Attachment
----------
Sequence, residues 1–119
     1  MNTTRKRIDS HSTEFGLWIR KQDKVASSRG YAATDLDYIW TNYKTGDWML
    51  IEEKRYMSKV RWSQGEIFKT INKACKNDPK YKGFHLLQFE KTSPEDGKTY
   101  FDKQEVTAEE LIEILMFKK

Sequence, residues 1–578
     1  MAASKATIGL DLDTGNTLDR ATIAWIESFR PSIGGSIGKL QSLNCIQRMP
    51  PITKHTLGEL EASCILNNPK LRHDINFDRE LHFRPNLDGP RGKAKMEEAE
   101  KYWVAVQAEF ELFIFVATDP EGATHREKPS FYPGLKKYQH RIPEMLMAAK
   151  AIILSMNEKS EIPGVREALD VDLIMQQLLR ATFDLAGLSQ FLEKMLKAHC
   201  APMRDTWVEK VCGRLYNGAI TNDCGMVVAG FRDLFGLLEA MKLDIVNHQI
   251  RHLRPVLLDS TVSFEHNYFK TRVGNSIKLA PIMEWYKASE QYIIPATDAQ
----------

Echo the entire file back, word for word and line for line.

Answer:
Sequence, residues 1–119
     1  MNTTRKRIDS HSTEFGLWIR KQDKVASSRG YAATDLDYIW TNYKTGDWML
    51  IEEKRYMSKV RWSQGEIFKT INKACKNDPK YKGFHLLQFE KTSPEDGKTY
   101  FDKQEVTAEE LIEILMFKK

Sequence, residues 1–578
     1  MAASKATIGL DLDTGNTLDR ATIAWIESFR PSIGGSIGKL QSLNCIQRMP
    51  PITKHTLGEL EASCILNNPK LRHDINFDRE LHFRPNLDGP RGKAKMEEAE
   101  KYWVAVQAEF ELFIFVATDP EGATHREKPS FYPGLKKYQH RIPEMLMAAK
   151  AIILSMNEKS EIPGVREALD VDLIMQQLLR ATFDLAGLSQ FLEKMLKAHC
   201  APMRDTWVEK VCGRLYNGAI TNDCGMVVAG FRDLFGLLEA MKLDIVNHQI
   251  RHLRPVLLDS TVSFEHNYFK TRVGNSIKLA PIMEWYKASE QYIIPATDAQ